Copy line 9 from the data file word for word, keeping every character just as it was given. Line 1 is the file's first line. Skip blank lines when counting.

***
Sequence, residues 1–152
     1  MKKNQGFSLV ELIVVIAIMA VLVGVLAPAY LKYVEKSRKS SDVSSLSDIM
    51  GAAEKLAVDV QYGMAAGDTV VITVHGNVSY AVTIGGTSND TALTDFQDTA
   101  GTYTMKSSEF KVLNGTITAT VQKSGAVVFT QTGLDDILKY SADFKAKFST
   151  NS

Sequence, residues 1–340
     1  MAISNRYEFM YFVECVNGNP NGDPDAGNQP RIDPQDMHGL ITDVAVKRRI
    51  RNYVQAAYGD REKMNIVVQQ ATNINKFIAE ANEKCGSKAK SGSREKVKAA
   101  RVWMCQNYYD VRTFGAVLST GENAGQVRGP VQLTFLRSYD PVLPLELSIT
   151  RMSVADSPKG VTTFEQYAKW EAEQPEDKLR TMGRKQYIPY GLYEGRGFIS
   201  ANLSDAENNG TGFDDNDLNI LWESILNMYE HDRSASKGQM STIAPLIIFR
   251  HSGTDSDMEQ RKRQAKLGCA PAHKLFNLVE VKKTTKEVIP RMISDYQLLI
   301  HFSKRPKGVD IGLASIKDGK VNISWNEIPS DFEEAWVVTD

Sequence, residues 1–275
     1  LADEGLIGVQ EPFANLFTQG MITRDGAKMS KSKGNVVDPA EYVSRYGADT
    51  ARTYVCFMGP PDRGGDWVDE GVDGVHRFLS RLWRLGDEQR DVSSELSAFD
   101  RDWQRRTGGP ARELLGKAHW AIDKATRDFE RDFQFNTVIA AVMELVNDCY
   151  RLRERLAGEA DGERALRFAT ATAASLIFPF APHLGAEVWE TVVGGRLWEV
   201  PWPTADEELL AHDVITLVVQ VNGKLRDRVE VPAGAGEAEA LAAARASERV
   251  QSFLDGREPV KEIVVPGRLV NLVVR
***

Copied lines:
   101  RVWMCQNYYD VRTFGAVLST GENAGQVRGP VQLTFLRSYD PVLPLELSIT